In the orderly administration of criminal justice, an appeal generally acts as an automatic stay for Rule 1100 purposes. See Pa.R.A.P. 1701(a); Pa.R.A.P. 1764. The question is whether this principle is applicable to appeals from district justice to common pleas courts for Rule 1100 purposes. In Commonwealth v. Paprocki, 327 Pa. Super. 270, 274, 475 A.2d 792, 794 (1984), we stated:

It is clear that time which transpires while a matter is on appeal cannot be assessed against the Commonwealth for speedy trial computations. After an appeal is taken,

[ 350 Pa. Super. Page 59]

    neither the lower court nor other governmental units may proceed further in the matter. Pa.R.A.P. 1701(a). At the very best, therefore, an appeal acts as an automatic stay of the operation of Rule 1100.

The Pennsylvania Supreme Court in Jones v. Commonwealth, 495 Pa. 490, 498, 434 A.2d 1197, 1201 (1981), held that "the timely appellate procedures taken by the Commonwealth clearly divested the trial court of authority to proceed, and thus acted as an automatic supersedeas of the operation of Rule 1100."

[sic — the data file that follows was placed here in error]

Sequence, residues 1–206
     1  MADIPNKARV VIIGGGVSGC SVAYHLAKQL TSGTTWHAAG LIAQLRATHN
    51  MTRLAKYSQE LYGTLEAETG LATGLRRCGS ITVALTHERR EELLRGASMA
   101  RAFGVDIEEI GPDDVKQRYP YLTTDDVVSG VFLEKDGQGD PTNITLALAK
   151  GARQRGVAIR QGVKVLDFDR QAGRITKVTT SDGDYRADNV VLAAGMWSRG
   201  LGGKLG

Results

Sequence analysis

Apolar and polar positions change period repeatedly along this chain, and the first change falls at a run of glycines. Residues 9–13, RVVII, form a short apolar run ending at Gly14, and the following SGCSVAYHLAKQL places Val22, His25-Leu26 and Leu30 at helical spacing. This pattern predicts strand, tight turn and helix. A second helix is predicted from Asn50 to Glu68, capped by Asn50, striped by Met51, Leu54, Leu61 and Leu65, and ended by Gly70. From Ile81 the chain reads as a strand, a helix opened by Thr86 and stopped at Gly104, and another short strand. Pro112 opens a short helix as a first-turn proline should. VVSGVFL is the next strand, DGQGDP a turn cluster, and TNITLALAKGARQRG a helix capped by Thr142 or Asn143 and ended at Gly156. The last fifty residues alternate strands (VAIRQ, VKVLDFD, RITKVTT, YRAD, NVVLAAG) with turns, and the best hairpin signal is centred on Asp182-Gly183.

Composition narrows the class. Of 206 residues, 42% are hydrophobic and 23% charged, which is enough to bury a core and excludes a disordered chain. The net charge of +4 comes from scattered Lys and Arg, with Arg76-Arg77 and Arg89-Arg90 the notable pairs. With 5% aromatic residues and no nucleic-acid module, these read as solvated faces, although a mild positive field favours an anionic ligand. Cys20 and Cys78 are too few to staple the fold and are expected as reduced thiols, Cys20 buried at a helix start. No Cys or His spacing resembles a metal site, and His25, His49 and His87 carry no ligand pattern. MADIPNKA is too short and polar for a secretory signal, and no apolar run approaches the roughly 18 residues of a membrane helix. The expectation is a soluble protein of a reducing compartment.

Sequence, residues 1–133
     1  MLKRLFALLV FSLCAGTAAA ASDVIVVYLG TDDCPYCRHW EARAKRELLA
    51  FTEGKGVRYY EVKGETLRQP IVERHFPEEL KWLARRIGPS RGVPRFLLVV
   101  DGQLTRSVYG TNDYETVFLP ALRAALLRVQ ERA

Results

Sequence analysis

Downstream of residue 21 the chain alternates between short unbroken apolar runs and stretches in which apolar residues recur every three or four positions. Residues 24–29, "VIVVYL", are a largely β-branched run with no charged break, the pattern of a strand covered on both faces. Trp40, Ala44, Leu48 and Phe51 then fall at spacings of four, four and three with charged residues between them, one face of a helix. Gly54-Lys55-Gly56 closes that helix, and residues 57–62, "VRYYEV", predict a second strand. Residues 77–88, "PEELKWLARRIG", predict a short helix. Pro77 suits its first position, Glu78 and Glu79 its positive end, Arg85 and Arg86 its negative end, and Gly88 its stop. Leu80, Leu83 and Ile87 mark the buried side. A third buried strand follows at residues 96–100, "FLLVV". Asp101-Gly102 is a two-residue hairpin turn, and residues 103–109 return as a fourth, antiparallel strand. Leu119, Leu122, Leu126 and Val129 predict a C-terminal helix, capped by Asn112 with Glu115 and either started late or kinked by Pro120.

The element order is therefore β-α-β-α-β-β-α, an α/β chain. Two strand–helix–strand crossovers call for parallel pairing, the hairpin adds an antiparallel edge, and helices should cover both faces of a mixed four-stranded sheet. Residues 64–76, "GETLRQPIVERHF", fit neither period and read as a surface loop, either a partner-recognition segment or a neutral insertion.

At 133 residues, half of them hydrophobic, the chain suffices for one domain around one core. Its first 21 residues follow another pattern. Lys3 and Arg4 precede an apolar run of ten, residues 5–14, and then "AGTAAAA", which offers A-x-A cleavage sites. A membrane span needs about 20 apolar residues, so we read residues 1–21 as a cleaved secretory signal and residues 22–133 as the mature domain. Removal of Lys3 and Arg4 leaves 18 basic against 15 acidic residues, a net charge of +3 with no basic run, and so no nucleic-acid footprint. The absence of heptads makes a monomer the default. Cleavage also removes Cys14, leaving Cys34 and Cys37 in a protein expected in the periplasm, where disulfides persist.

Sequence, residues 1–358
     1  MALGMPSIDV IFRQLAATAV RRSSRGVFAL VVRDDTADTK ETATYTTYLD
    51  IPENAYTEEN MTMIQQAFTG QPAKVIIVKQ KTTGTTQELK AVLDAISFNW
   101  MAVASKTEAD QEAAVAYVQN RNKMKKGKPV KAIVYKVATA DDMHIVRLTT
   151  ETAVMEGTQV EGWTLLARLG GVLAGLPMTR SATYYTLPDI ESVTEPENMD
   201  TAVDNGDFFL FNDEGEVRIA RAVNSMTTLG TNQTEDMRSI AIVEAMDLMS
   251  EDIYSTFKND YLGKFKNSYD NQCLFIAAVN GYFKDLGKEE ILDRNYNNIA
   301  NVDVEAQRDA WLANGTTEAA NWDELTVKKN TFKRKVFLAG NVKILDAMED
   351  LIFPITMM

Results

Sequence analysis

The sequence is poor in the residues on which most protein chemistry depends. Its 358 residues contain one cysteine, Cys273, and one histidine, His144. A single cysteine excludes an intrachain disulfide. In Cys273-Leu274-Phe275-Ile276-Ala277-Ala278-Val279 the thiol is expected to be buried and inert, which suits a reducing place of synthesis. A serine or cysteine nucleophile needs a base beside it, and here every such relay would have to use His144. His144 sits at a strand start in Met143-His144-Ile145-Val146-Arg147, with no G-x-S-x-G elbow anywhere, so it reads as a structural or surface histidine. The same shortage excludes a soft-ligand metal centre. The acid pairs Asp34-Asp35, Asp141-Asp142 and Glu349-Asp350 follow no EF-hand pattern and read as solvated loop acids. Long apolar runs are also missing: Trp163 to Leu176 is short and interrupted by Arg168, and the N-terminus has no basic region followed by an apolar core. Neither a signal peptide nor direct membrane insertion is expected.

Thus it is clear that an appeal from a common pleas court to an appellate court acts as an automatic stay in the computation of the 180-day period required under Rule 1100. We conclude that for Rule 1100 purposes this principle is applicable to an appeal from a district justice to a common pleas court where the court of common pleas acts in the role of an appellate court. Although there is no specific rule relating to stays as applied to Rule 1100, we reach this conclusion based on two grounds: common law principles and an analysis of the reasons for Pa.R.A.P. 1701(a). The rule provides that "after an appeal is taken . . . the trial court or other government unit may no longer proceed further in the matter."